SAIL Room, 111 Levin Building (425 S. University Ave.)
Department of Psychology
Effects of Biological Explanations for Mental Disorders
Mental disorders are common with lifetime prevalence rates approaching 50% in the United States. In the fight against these widespread and disabling conditions, mental disorders are increasingly understood in terms of biological mechanisms (e.g., through genetics and neuroscience). However, we discovered a number of unintended negative consequences of construing mental disorders in terms of biological mechanisms. (1) Among practicing clinicians, biological explanations, compared to psychosocial explanations, evoked significantly less empathy towards people with mental disorders. (2) Individuals with depressive symptoms were more pessimistic about their recovery and felt less control over mood regulation, the more they attribute their depression to biochemical and genetic factors. (3) After receiving randomly determined genetic feedback from a test disguised as genetic screening*, participants who were told that their genes predisposed them to depression reported higher levels of depressive symptomatology over the previous 2 weeks, compared to those who did not receive this feedback. (4) After conducting a saliva test disguised as genetic screening for obesity*, participants who were told that they were not genetically predisposed to obesity significantly downplayed the efficacy of a healthy diet and exercise habits, and also were also more likely to select unhealthy foods than did those who did not receive any genetic feedback. Possible intervention strategies are also considered. (*Ethical issues concerning the use of tests disguised as genetic screening were carefully addressed.)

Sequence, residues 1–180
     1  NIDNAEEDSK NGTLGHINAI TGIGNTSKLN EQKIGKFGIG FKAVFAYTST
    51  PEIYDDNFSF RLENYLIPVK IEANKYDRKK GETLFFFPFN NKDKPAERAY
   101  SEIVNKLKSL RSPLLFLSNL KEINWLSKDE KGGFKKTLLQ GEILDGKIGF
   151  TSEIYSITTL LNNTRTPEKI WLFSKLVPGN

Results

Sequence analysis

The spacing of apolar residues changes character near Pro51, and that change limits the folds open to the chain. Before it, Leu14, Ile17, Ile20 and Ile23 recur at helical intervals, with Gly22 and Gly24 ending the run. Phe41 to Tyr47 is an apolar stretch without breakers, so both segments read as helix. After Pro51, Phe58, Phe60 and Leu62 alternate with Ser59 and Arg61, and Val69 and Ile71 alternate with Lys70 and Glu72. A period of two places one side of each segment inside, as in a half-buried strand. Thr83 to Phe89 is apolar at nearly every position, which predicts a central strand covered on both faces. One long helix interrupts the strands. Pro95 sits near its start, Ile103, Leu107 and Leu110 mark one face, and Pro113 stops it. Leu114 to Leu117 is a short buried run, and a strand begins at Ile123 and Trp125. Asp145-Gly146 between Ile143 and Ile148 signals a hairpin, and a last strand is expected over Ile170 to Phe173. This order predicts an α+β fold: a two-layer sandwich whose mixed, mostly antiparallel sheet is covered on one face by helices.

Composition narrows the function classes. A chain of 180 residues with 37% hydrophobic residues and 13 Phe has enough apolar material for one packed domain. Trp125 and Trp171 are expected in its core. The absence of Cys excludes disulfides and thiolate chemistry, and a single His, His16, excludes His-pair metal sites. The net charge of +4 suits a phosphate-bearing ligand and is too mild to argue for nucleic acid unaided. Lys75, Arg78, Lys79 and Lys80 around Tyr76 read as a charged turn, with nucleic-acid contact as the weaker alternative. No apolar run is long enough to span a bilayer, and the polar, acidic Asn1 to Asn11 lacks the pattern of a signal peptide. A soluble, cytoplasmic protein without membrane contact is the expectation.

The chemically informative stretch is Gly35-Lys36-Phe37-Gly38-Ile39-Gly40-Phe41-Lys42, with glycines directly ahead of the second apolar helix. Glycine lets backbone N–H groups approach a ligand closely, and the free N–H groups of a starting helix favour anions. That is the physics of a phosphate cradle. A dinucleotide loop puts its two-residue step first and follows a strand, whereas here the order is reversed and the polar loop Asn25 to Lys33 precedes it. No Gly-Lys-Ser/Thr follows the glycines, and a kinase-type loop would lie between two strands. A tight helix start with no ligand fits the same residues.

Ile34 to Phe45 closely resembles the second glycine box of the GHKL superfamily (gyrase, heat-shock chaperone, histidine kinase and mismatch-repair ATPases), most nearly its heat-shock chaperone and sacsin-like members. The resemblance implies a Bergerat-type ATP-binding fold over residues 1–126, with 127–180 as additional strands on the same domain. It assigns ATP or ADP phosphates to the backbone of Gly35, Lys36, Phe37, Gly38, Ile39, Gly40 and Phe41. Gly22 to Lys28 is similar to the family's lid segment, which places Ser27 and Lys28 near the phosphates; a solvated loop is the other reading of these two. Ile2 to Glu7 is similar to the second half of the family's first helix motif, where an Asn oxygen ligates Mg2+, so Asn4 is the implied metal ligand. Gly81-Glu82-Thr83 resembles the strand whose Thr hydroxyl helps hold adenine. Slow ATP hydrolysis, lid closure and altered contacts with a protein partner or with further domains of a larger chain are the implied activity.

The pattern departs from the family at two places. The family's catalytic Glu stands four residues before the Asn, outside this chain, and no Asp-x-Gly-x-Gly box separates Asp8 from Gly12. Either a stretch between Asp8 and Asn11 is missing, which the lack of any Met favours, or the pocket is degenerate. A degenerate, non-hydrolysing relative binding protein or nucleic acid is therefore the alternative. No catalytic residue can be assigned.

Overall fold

The talk will begin at 12pm. A pizza lunch will be served at 11:45am.